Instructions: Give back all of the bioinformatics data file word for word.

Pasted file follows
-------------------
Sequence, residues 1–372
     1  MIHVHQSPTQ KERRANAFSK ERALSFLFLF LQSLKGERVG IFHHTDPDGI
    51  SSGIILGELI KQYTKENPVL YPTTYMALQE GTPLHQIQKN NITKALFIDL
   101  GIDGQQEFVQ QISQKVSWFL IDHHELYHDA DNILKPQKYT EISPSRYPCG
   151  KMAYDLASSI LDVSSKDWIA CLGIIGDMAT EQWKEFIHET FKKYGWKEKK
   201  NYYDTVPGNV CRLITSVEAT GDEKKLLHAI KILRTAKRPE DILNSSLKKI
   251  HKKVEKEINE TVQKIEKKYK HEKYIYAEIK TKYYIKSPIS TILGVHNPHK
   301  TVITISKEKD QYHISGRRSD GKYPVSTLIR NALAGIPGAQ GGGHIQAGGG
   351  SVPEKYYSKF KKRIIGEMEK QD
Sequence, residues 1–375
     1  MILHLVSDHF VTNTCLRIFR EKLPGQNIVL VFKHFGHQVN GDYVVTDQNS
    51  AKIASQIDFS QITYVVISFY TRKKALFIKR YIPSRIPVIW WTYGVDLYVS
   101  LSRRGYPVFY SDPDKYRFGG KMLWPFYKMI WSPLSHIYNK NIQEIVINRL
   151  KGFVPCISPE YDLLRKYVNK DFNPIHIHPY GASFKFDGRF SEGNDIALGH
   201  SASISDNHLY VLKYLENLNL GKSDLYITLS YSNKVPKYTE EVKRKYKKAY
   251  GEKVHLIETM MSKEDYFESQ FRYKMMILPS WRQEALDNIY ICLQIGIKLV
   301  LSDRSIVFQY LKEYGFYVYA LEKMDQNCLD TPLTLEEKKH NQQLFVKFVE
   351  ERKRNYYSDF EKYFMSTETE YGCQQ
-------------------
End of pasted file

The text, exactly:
Sequence, residues 1–372
     1  MIHVHQSPTQ KERRANAFSK ERALSFLFLF LQSLKGERVG IFHHTDPDGI
    51  SSGIILGELI KQYTKENPVL YPTTYMALQE GTPLHQIQKN NITKALFIDL
   101  GIDGQQEFVQ QISQKVSWFL IDHHELYHDA DNILKPQKYT EISPSRYPCG
   151  KMAYDLASSI LDVSSKDWIA CLGIIGDMAT EQWKEFIHET FKKYGWKEKK
   201  NYYDTVPGNV CRLITSVEAT GDEKKLLHAI KILRTAKRPE DILNSSLKKI
   251  HKKVEKEINE TVQKIEKKYK HEKYIYAEIK TKYYIKSPIS TILGVHNPHK
   301  TVITISKEKD QYHISGRRSD GKYPVSTLIR NALAGIPGAQ GGGHIQAGGG
   351  SVPEKYYSKF KKRIIGEMEK QD
Sequence, residues 1–375
     1  MILHLVSDHF VTNTCLRIFR EKLPGQNIVL VFKHFGHQVN GDYVVTDQNS
    51  AKIASQIDFS QITYVVISFY TRKKALFIKR YIPSRIPVIW WTYGVDLYVS
   101  LSRRGYPVFY SDPDKYRFGG KMLWPFYKMI WSPLSHIYNK NIQEIVINRL
   151  KGFVPCISPE YDLLRKYVNK DFNPIHIHPY GASFKFDGRF SEGNDIALGH
   201  SASISDNHLY VLKYLENLNL GKSDLYITLS YSNKVPKYTE EVKRKYKKAY
   251  GEKVHLIETM MSKEDYFESQ FRYKMMILPS WRQEALDNIY ICLQIGIKLV
   301  LSDRSIVFQY LKEYGFYVYA LEKMDQNCLD TPLTLEEKKH NQQLFVKFVE
   351  ERKRNYYSDF EKYFMSTETE YGCQQ